The main focus of our lab is studying various facets of RNA biology from a quantitative, systems viewpoint. Some topics of interest are:
- The role of non-coding RNAs in regulating gene expression.
- Studying single cell gene expression in cancer.
- The influence of chromosome structure upon gene expression.
- Homeostatic properties of transcription
Our primary tool is a in situ RNA detection method (FISH) that Arjun developed initially during his Ph.D. and applied to various developmental systems during his postdoc (read more here). This method relies on hybridizing many fluorescent molecules to the target RNA, thereby rendering it visible as a small spot in a fluorescence microscope. This method gives us quantitative information about RNA abundance and localization.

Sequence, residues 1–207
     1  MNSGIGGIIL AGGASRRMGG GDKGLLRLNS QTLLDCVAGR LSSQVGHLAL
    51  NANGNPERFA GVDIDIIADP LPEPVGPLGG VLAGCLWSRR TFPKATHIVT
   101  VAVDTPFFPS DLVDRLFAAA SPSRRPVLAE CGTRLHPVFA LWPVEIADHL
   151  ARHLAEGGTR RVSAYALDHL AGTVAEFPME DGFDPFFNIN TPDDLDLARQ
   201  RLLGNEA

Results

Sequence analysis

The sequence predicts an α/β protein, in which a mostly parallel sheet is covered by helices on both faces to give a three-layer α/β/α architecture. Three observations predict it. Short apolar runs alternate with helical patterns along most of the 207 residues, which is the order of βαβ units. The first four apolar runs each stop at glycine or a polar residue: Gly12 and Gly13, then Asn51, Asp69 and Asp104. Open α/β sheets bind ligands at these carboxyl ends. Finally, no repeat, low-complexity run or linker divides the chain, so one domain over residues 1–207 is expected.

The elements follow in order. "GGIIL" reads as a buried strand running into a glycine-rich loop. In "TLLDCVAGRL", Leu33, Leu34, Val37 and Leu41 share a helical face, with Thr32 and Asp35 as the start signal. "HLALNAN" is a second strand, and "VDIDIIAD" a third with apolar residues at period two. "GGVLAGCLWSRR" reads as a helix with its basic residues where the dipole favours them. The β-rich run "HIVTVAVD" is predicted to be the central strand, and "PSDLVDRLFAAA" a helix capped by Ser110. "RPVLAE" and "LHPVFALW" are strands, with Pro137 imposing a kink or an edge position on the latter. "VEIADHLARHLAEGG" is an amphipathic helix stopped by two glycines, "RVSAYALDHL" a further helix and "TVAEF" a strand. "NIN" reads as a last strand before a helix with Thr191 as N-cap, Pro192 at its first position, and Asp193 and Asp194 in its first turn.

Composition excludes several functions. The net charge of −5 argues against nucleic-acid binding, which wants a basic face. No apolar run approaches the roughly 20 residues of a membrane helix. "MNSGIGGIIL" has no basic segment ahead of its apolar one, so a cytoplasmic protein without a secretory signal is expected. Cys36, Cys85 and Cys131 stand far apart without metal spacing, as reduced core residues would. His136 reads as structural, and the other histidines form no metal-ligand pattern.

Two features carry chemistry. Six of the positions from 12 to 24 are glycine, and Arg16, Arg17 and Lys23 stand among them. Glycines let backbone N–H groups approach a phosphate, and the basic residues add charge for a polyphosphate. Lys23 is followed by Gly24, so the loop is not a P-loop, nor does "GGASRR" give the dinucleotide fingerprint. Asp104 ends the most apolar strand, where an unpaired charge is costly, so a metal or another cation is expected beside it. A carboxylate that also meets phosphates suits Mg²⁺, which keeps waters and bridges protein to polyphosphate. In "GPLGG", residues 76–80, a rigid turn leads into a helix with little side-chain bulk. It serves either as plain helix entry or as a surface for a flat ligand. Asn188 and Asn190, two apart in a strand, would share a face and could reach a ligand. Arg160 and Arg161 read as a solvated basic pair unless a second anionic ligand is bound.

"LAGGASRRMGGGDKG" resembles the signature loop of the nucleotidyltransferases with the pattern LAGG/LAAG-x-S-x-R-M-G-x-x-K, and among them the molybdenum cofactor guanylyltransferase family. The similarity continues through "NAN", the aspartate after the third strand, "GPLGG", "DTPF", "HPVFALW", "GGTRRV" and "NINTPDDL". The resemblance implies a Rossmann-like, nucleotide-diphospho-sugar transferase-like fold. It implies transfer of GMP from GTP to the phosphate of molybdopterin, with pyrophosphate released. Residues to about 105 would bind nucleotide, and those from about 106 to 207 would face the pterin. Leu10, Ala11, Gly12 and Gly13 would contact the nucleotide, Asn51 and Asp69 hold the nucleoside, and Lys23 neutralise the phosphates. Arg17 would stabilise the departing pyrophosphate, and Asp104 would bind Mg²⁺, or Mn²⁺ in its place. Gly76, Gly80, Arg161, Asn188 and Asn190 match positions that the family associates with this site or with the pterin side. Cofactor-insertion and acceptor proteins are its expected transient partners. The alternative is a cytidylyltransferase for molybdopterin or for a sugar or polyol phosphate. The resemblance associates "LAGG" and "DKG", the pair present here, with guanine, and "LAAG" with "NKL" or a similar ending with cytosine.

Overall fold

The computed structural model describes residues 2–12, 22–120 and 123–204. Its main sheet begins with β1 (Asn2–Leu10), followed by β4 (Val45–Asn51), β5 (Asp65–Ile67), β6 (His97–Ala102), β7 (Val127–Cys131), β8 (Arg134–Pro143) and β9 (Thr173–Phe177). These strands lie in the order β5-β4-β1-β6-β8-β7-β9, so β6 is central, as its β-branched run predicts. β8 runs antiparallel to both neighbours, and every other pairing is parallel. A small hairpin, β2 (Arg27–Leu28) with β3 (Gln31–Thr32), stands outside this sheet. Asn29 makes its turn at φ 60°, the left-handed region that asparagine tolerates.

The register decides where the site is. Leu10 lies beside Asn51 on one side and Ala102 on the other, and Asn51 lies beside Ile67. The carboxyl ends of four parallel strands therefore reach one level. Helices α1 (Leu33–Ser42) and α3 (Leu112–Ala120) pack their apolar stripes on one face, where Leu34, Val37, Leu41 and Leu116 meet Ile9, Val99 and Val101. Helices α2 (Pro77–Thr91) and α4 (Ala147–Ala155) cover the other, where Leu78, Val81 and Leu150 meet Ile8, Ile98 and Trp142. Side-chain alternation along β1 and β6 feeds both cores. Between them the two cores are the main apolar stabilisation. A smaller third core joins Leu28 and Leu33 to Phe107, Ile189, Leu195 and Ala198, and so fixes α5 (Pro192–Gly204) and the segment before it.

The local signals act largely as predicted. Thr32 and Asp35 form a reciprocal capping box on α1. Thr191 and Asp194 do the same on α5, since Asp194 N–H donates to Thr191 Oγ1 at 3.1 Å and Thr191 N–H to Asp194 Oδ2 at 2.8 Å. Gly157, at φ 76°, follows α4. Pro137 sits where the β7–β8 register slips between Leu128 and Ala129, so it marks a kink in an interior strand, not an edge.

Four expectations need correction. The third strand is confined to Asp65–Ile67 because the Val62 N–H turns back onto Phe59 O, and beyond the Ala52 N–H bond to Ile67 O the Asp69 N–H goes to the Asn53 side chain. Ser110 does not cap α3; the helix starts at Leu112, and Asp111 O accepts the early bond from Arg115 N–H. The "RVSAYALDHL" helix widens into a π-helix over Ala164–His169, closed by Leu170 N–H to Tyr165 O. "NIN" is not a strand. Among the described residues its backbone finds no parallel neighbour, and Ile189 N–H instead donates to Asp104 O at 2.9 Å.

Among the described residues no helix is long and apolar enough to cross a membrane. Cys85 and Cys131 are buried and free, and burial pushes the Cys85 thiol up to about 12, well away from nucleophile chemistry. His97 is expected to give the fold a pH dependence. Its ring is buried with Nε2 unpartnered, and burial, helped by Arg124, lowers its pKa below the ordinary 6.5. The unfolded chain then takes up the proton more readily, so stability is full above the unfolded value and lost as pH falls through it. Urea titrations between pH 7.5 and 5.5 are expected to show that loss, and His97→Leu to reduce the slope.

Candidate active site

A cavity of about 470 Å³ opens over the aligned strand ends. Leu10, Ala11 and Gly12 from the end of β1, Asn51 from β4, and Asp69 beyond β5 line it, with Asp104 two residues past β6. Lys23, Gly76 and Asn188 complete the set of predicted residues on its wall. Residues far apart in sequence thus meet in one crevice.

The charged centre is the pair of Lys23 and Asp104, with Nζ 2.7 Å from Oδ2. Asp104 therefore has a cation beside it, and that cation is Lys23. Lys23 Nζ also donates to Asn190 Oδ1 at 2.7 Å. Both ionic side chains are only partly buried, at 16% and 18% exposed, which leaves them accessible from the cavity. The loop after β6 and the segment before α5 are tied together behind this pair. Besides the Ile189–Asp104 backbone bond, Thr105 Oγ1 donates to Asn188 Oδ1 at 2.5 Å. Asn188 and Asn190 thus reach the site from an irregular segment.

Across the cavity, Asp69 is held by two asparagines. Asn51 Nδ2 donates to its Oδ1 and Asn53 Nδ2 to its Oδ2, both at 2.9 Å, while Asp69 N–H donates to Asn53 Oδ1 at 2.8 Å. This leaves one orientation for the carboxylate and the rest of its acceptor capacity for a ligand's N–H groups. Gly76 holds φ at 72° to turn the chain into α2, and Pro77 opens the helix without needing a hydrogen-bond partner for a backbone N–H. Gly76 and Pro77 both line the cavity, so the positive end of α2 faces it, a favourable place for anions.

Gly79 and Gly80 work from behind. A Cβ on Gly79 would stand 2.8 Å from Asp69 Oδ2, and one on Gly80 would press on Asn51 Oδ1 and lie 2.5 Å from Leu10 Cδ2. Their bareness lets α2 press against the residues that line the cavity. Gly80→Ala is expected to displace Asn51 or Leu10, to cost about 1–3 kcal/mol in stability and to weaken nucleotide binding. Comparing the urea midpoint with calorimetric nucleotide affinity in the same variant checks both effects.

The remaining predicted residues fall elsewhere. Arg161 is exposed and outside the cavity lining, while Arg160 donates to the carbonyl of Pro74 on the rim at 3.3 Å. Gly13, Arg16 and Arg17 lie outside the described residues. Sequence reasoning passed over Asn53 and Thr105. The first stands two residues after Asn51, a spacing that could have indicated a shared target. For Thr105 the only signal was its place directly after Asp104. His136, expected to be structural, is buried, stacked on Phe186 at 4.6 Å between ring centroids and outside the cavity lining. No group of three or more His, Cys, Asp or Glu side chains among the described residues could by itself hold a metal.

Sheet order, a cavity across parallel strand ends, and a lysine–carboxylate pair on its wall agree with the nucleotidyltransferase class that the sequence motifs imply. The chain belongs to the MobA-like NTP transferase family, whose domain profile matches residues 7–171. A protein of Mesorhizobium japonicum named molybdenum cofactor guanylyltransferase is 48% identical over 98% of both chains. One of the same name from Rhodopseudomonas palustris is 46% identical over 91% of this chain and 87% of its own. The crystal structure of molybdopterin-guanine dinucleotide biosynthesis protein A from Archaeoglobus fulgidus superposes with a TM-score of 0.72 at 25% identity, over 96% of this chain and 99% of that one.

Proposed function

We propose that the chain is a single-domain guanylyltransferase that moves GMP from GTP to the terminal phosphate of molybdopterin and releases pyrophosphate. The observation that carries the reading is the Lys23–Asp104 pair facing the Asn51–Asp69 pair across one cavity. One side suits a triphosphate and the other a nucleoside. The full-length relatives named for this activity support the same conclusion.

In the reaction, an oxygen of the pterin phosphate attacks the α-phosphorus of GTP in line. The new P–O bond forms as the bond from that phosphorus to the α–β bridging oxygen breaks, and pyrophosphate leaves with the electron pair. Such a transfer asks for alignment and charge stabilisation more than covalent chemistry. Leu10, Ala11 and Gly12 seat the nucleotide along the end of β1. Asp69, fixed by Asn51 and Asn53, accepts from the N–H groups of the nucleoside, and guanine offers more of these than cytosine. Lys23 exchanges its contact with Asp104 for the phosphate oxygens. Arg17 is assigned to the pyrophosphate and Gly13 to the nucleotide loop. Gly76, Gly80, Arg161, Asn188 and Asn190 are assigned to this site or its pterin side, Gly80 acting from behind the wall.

During his postdoc, Arjun showed that random variability in gene expression underlies the common genetic phenomenon of partial penetrance of mutant phenotypes, in which even genetically identical mutant organisms will display the mutant phenotype only some fraction of the time. Check out this slidecast to hear a short talk about this project.
Our work is funded by the NIH and the Burroughs-Wellcome Fund.